ERP - Managing an ERP Project Objectives 1. Recognize the...

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Managing an ERP Project Objectives 1. Recognize the importance of project management and control in minimizing the risk factors associated with implementing ERP systems. 2. Understand the process of organizational change and its application to enterprise system development, implementation, and operations. ERP projects often represent the single largest investment in an information systems project for many companies and, in many cases, the largest single investment in any corporate-wide project. The magnitude and complexity of these projects poses considerable risk, which explains the “war stories” connected with implementing ERP systems (see Table 8-1). What Research Shows About ERP Implementation Success In their study of firms that have implemented ERP systems, Mabert, Soni, and Venkataramanan, 2001, described the firms’ implementation experiences, determined the business returns from ERP, and determined what factors influenced these experiences and returns (Mabert et al., 2001).Their sample included firms ranging from large firms with annual revenues of more than $5 billion with more than 20,000 employees to smaller firms with revenues of less than $500 million per year and fewer than 20,000 employees. SAP/R3 was the most frequently reported ERP, representing 65.3% of the sample. J.D. Edwards followed at 12.9%, and Oracle with 8.9%.
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The overall data suggest that the firms felt they achieved more than 65% of the expected business case targets. The firms which were able to implement ERP either under-budget or on-budget attained a greater proportion (i.e., by 11%) of the planned business case than the over-budget firms (Mabert et al., 2001). Although the response data indicated that 70% of the firms felt their ERP system was a successful project, the majority of firms (55.5%) indicated the actual ERP system implementation cost exceeded the original estimated budget by an average of 60.6%. The range of experiences included a low of 10% to a high of 200% (Mabert et al., 2001). Certain factors influence whether firms are under/on budget or over-budget for implementation. First, under-budget or on-budget firms make fewer modifications than the over-budget firms, According to their survey data, these modifications contribute to a 50% increase in project duration. In addition, under-budget or on-budget firms establish greater authority for project implementation and implement more effective communications. Finally, the under-budget and on-budget firms manage their ERP implementations better, and they manage their businesses better. This enables them to generate additional revenues to cover the cost of ERP implementation (Mabert et al., 2001). In general, ERP systems projects bring about a host of new questions. Some of these questions and issues are the following: • What technology challenges (e.g., hardware, software, and networking) are encountered in implementing an enterprise-wide information management system? • What organizational challenges (impact on business processes) are addressed?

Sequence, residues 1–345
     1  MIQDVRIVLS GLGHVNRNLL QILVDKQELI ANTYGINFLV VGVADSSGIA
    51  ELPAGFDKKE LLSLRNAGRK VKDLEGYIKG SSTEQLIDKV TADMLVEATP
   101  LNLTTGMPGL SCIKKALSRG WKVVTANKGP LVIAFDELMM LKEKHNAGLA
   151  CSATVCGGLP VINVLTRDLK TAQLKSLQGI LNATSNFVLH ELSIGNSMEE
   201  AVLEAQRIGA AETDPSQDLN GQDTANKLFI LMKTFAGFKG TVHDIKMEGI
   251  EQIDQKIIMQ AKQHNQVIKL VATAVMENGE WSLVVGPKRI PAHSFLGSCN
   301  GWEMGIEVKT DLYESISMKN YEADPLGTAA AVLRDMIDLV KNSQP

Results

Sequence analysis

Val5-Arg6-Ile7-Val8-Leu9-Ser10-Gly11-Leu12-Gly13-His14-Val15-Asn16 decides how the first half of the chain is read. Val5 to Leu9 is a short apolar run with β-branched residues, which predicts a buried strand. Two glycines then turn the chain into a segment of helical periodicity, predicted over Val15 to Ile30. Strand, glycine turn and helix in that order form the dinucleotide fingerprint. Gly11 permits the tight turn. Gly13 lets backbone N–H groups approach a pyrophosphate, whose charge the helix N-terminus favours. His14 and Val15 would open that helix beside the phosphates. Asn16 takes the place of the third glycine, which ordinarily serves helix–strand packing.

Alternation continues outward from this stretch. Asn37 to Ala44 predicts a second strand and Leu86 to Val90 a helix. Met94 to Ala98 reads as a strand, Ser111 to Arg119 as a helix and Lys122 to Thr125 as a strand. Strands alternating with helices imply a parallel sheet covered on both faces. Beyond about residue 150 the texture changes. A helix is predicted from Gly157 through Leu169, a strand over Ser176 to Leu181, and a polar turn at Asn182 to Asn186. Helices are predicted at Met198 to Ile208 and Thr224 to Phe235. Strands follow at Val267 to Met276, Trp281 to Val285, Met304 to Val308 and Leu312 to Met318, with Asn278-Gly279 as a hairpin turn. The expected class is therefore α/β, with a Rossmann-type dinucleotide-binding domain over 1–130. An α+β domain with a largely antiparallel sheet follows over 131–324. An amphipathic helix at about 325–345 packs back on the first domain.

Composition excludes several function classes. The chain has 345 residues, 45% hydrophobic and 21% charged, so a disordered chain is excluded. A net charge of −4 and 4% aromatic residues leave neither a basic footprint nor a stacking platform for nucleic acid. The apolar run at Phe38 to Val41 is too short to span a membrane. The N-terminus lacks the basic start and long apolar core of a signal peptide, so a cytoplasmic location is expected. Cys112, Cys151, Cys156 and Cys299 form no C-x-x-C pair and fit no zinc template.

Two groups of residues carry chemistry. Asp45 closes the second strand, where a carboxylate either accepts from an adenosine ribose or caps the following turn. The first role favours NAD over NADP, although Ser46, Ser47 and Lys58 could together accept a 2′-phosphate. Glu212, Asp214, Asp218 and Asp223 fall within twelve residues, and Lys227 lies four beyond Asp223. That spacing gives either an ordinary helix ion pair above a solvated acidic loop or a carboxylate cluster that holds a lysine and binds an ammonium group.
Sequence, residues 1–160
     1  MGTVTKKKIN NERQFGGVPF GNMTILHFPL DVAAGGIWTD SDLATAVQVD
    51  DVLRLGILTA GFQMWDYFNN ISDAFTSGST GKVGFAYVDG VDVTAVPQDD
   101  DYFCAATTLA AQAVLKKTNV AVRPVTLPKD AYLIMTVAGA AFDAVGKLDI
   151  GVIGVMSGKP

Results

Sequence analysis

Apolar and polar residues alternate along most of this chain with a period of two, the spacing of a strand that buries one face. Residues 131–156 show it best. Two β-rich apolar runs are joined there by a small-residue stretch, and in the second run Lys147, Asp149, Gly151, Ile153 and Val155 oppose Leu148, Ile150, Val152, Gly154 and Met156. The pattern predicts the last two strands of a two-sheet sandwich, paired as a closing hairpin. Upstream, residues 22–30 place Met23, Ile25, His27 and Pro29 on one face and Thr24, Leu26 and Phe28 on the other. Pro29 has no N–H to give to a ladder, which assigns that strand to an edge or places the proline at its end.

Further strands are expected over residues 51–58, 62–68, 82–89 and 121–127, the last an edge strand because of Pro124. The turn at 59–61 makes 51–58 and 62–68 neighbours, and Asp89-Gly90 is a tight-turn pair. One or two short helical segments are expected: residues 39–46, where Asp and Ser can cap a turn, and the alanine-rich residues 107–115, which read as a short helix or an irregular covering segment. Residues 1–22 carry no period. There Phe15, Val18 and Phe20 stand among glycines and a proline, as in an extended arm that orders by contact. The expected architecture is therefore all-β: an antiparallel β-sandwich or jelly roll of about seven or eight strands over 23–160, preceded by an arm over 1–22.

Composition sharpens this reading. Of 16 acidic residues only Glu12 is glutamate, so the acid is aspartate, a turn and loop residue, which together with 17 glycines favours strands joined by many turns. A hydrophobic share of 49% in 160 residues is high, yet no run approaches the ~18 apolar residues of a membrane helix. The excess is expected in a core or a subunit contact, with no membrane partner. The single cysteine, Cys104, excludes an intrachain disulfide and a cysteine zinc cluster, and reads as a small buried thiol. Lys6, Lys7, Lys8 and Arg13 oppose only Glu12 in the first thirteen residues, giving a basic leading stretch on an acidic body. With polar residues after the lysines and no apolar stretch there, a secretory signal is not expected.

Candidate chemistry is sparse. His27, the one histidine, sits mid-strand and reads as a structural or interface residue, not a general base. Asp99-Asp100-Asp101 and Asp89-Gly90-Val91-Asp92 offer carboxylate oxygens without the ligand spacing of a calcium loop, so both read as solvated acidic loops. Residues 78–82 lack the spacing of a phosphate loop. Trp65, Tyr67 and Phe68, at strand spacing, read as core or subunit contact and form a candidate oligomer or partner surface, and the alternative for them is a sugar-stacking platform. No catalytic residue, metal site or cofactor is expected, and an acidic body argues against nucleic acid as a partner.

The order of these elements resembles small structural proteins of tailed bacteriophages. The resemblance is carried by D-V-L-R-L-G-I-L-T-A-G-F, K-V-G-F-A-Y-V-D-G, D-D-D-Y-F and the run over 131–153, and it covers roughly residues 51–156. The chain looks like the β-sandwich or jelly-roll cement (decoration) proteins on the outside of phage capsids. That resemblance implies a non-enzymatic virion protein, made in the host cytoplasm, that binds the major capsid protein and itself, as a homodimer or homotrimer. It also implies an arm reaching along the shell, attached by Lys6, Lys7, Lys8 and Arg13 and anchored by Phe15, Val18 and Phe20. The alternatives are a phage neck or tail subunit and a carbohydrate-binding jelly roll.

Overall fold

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This note was uploaded on 06/04/2009 for the course BUSINESS AIT 803 taught by Professor Peter during the Spring '09 term at Seneca.

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ERP - Managing an ERP Project Objectives 1. Recognize the...

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